Other covariates used in the multivariate analysis refer to parents’ and children’s socio-demographic characteristics. Children’s employment status was grouped into four categories: employed, unemployed, student, and not in the labour market. Parents’ characteristics included in the analysis were as follows: age, age-squared, marital status (partnered, separated and widowed) and four different indicators of physical health: the number of chronic diseases that parents reported during the interview included (range from 0 to 10 or more); the number of reported mobility limitations (range from 0 to 10 or more); and finally, we included two dummy variables identifying parents who had at least one limitation in activities of daily living (ADLs) or instrumental activities of daily living (IADLs). The former refers to needing help from others to perform tasks such as bathing, dressing or eating, while the latter indicates difficulties in activities such as preparing a hot meal, shopping for groceries or making telephone calls.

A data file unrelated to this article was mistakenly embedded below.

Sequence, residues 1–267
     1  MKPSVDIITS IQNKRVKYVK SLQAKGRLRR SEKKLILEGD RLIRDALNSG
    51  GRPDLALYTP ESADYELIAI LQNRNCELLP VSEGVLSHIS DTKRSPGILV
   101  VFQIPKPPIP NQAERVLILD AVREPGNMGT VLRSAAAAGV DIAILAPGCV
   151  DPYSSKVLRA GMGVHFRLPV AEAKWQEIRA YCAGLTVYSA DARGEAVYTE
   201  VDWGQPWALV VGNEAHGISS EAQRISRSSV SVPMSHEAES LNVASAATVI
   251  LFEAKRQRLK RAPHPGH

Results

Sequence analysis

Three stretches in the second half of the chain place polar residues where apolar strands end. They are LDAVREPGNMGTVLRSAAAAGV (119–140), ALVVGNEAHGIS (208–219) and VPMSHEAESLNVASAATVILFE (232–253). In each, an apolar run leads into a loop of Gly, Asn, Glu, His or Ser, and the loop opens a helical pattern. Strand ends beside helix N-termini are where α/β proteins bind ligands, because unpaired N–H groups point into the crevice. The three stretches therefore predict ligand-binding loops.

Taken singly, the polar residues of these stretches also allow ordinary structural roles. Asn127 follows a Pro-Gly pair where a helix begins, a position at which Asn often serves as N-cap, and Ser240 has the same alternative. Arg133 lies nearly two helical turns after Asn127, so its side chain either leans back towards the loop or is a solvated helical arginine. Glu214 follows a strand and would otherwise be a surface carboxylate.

As mentioned in the theoretical background, the different European countries were grouped into four clusters: Southern (Italy, Greece, Spain and Portugal), Eastern (Czech Republic, Poland and Estonia), Continental (Austria, Germany, France, Switzerland, Belgium, Luxemburg and Slovenia) and Nordic (Sweden, Denmark and the Netherlands) European countries. A number of sensitivity analyses were performed using alternative country classifications and excluding, for example, the Netherlands, Estonia and Poland from the sample. The results show a consistent north–south divide in the effect of children’s divorce on parents’ mental health.

3.4 Analytical Strategy